School transportation officials say that bus cameras shouldn’t be compared to red light and speed cameras, which a number of cities and states have jettisoned recently after drivers complained of stiff fines, and controversy erupted over the reliability of the equipment, enforcement and the amount of money paid to vendors.
Many state legislators have a different attitude when it comes to using cameras for pedestrian student safety. “These bills authorizing school bus cameras are much more targeted and they continue to pass year after year,” said NCSL’s Shinkle. “Overall, the cultural tolerance for illegally passing a school bus is about as low as it gets. I think that you can find a lot of bipartisan agreement on protecting children.”
In Wyoming, which does not use red light or speed cameras, members of both parties supported the school bus cameras, said Republican state Sen. Hank Coe, who chairs the Senate Education Committee. Coe said the state’s joint House and Senate education committee sponsored the school bus camera legislation in large part because of MaKayla Strahle’s death.
“I think it had an effect on the legislators,” Coe said. “There are lots of complaints about cars just blowing by school buses every year. Even in a small, rural state like Wyoming, it’s a big issue.”
Many legislators did oppose the bill, calling it another form of government intrusion or saying that drivers’ privacy would be violated by the video recordings – arguments that have been used in other states to defeat legislation allowing outside cameras on school buses.
“I had major concerns about this bill,” said former Republican state Rep. Matt Greene, who voted against the legislation. “We were not only allowing, but we were requiring spying on Wyomingites by passing this. Big Brother is watching.” But the measure ultimately passed, and the legislature agreed to provide up to $5 million to reimburse school districts 100 percent of the cost of installing cameras on the state’s fleet of 1,511 buses.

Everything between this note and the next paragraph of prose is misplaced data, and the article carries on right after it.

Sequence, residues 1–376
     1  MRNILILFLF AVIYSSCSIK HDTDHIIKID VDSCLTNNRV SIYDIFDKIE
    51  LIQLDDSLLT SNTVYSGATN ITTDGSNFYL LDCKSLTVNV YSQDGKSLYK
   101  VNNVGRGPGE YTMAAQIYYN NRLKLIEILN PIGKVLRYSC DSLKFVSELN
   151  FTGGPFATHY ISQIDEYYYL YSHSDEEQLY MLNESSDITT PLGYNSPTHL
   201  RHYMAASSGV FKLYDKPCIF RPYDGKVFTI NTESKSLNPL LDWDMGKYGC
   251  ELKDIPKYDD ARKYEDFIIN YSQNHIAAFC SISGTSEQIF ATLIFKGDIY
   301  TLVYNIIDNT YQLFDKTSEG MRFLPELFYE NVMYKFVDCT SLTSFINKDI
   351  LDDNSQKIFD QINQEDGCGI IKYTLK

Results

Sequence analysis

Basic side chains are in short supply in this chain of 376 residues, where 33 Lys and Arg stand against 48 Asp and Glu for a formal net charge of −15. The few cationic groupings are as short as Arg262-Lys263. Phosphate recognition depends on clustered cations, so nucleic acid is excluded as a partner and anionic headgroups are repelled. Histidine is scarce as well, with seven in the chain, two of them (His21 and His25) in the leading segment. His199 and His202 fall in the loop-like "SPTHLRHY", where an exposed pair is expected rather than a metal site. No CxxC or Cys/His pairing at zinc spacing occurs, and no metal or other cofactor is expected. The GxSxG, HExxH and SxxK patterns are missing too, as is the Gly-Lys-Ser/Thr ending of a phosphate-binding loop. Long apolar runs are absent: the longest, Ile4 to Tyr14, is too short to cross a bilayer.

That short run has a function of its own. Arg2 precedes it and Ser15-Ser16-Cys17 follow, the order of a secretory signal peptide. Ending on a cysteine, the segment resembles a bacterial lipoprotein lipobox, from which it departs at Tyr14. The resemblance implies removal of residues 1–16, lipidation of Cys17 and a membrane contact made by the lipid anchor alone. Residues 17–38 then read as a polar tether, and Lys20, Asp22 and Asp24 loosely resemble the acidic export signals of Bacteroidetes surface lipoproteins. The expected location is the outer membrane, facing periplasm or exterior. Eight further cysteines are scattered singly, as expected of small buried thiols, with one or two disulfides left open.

“When you put the cameras on there, if a car does drive by, it’s recorded and the license plate is recorded and charges can be pursued by law enforcement. It’s a pretty important deal,” Coe said. “This makes the public more aware that if they blow by a school bus, they’ve got a good chance of getting caught.”
While the mandate requiring outside cameras technically doesn’t become effective until the 2016-17 school year, some districts have already used the state funds to install equipment on their buses, said David Koskelowski, the Wyoming Department of Education’s program manager for traffic safety and pupil transportation.
Koskelowski said that the cameras photograph the vehicle model, color and front or back license plate. The bus driver then calls in the incident on the radio or marks it on the video, which contains the date, time and GPS location. A supervisor then makes a copy of the video and contacts police, who can review it and decide whether to pursue the case and issue a citation.
But it’s left to police agencies and prosecutors in each county to decide whether video evidence is acceptable as the sole standard to determine whether a driver illegally passed a school bus.
Koskelowski said that in some school districts, police don’t come and get the video, so nothing happens. That’s because they believe that unless the driver is positively identified, a citation can’t be issued. “We’re working to build those relationships with law enforcement to pursue these cases,” Koskelowski said. “We can’t get 100 percent positive facial recognition on every video. It’s unrealistic to expect that.”
This article originally appeared in Stateline, a nonpartisan, nonprofit news service of the Pew Center on the States that provides daily reporting and analysis on trends in state policy.